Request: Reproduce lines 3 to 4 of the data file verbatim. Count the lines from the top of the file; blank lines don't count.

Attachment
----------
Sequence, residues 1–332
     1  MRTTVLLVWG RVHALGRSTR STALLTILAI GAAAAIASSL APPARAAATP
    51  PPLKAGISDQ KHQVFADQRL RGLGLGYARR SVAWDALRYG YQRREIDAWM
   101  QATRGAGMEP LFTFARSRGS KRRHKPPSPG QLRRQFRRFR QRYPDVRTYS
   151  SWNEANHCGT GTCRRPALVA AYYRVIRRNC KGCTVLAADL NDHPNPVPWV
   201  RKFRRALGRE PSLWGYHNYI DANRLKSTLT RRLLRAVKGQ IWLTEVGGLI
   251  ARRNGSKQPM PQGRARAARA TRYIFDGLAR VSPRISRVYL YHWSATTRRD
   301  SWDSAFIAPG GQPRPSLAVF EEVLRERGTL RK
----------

    51  PPLKAGISDQ KHQVFADQRL RGLGLGYARR SVAWDALRYG YQRREIDAWM
   101  QATRGAGMEP LFTFARSRGS KRRHKPPSPG QLRRQFRRFR QRYPDVRTYS